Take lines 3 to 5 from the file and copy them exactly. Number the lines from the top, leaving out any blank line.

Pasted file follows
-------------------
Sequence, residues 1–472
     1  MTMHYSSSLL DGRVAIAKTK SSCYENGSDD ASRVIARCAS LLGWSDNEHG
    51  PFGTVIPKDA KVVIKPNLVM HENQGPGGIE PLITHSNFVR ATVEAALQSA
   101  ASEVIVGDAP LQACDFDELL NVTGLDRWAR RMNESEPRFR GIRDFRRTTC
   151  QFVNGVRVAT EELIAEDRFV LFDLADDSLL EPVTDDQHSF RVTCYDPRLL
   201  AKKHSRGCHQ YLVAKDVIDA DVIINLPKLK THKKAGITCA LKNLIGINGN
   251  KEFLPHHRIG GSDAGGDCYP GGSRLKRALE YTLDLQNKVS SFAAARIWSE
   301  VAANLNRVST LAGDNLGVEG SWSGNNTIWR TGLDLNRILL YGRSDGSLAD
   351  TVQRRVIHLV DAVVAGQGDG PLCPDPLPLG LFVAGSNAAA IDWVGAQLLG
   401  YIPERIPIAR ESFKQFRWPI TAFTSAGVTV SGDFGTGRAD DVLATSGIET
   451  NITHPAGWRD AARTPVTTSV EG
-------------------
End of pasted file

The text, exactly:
    51  PFGTVIPKDA KVVIKPNLVM HENQGPGGIE PLITHSNFVR ATVEAALQSA
   101  ASEVIVGDAP LQACDFDELL NVTGLDRWAR RMNESEPRFR GIRDFRRTTC
   151  QFVNGVRVAT EELIAEDRFV LFDLADDSLL EPVTDDQHSF RVTCYDPRLL